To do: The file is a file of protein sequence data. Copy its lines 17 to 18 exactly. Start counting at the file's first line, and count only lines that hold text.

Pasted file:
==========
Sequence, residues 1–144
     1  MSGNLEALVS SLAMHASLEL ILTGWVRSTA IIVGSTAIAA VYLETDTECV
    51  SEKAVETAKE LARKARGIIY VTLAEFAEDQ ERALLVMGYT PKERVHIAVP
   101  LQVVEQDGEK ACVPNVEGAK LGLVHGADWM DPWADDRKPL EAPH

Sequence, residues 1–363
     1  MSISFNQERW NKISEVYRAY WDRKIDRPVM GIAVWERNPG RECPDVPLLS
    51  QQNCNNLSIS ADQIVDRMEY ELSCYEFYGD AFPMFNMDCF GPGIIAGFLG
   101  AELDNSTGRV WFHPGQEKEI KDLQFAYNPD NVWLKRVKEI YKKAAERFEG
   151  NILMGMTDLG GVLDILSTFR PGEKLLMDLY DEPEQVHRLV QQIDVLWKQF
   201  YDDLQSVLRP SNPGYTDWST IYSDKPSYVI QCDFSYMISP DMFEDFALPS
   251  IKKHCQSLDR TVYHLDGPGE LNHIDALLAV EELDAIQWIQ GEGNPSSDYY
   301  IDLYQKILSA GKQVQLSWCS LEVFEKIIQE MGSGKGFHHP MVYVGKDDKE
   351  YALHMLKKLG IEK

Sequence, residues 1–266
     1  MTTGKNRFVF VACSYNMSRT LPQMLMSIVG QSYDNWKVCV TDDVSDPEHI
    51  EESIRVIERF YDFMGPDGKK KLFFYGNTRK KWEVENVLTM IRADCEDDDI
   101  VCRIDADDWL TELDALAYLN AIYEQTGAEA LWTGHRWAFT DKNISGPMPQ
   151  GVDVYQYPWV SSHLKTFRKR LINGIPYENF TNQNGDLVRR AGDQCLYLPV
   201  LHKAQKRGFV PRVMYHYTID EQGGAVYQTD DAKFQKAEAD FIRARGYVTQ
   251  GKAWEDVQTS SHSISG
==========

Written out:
   101  VCRIDADDWL TELDALAYLN AIYEQTGAEA LWTGHRWAFT DKNISGPMPQ
   151  GVDVYQYPWV SSHLKTFRKR LINGIPYENF TNQNGDLVRR AGDQCLYLPV